### Assembly and prediction of novel RXLR effectors

To complement our catalogue of absent genes, we searched the resequenced genomic data from our high-coverage samples for novel, non-reference RXLR effector genes. For each sample we performed de novo assembly of reads unmapped to the T30-4 reference genome, and then searched the assembled contig sequences for novel coding sequences containing the RXLR motif (Supplementary Table S4). This search discovered five new RXLR genes among the modern US isolates, but did not reveal any in the historical samples Pi1845A or Pi1889 (Supplementary Table S5, Supplementary Table S6).

### Temporal differences at virulence loci

Among avr genes, deletion, pseudogenization, transcriptional silencing, copy number variation and diversification of amino-acid sequence have all been proposed as mechanisms for evading recognition by the host12,28. We surveyed the amino-acid sequences of genes with avr-related annotations to identify candidates for further investigation into virulence differences between historical and modern lineages. The virulent AVR3aE80/M103 allele of P. infestans RXLR effector Avr3a, which is ubiquitous in diverse global populations29 and is present in all modern isolates in our analysis, is absent from all historical samples with coverage of this locus (Table 1). Only the avirulent AVR3aK80/I103 allele is detected.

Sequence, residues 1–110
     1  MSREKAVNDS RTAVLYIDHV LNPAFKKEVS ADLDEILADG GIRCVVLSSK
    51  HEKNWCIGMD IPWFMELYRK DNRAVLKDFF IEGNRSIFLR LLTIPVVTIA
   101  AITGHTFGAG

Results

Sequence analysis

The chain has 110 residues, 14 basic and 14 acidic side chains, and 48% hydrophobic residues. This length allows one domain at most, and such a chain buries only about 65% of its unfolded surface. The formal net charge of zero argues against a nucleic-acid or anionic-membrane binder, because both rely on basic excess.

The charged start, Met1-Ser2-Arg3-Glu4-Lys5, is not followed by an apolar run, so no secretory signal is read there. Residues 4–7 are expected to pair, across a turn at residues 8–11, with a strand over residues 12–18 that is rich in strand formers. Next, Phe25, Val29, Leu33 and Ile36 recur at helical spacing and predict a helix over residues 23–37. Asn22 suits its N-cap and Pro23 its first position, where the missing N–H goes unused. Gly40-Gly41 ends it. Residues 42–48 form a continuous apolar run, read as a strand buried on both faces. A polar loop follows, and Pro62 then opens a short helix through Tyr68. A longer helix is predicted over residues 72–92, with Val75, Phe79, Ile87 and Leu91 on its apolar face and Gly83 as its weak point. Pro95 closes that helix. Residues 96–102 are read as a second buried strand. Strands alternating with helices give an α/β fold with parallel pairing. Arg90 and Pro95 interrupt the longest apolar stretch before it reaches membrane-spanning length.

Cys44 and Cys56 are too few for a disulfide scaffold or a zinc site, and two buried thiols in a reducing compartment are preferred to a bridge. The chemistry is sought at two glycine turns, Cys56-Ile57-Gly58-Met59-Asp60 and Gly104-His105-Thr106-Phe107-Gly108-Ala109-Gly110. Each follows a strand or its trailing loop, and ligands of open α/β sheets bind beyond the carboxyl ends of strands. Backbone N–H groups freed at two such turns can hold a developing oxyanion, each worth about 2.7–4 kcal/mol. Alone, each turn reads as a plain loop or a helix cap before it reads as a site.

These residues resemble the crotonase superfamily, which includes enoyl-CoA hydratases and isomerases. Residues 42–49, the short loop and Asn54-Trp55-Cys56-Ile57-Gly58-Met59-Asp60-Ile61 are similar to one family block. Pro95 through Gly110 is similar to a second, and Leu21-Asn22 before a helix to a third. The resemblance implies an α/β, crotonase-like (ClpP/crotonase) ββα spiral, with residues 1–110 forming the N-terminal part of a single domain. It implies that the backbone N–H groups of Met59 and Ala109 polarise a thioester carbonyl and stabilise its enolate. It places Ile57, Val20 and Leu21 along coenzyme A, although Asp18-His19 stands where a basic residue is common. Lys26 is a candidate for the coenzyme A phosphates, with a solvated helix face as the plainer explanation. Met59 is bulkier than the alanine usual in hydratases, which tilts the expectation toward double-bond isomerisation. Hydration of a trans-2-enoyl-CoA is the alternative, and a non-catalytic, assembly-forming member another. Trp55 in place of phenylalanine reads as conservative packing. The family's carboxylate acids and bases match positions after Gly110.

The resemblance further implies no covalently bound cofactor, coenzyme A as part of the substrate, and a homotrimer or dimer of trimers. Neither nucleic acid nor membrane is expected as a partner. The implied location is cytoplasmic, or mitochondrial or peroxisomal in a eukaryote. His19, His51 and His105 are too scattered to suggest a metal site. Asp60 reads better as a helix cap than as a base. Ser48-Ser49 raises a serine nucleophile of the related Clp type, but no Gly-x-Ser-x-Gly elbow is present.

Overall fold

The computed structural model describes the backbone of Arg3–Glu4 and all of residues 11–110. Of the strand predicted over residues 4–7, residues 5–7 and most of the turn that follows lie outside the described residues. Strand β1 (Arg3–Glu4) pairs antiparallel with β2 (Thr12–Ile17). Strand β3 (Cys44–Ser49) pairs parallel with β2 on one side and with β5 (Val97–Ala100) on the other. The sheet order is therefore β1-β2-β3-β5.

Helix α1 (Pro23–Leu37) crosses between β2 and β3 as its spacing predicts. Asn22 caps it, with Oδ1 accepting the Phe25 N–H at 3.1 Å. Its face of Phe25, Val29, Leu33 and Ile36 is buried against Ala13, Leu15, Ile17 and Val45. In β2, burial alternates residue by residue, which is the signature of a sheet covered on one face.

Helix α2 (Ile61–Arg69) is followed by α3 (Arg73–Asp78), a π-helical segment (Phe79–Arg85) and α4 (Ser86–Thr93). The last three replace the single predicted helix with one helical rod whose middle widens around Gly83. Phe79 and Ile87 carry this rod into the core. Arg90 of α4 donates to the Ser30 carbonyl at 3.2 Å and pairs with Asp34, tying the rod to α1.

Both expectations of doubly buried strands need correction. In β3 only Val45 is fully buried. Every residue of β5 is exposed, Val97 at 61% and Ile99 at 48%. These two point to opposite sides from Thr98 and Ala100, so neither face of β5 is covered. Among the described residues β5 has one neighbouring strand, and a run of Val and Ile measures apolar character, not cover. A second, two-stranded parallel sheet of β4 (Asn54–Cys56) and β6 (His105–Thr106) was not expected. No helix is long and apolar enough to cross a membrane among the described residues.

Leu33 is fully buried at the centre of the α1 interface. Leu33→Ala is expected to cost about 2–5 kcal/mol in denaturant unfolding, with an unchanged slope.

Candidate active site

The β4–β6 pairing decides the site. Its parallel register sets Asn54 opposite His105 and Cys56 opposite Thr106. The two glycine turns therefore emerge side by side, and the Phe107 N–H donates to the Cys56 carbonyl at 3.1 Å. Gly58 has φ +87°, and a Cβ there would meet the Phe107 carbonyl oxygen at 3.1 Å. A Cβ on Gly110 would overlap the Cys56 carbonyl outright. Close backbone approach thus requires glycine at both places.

Directly parallel cases are also observed at two genes near and closely related to Avr3a (PITG_14368 and PITG_14374), where the historical samples shared homozygous alleles, while all modern strains possessed one or two alleles encoding an alternative amino-acid sequence. Similar phenomena, where all the historical samples shared a single amino-acid genotype that was absent in modern isolates, are observed in PITG_21388 (Avrblb1), PITG_06077 (Avr2 family) and PITG_05121 (Avr2 family)22. These results are summarized (Table 1), and amino-acid sequences are provided (Supplementary Table S7).

## Discussion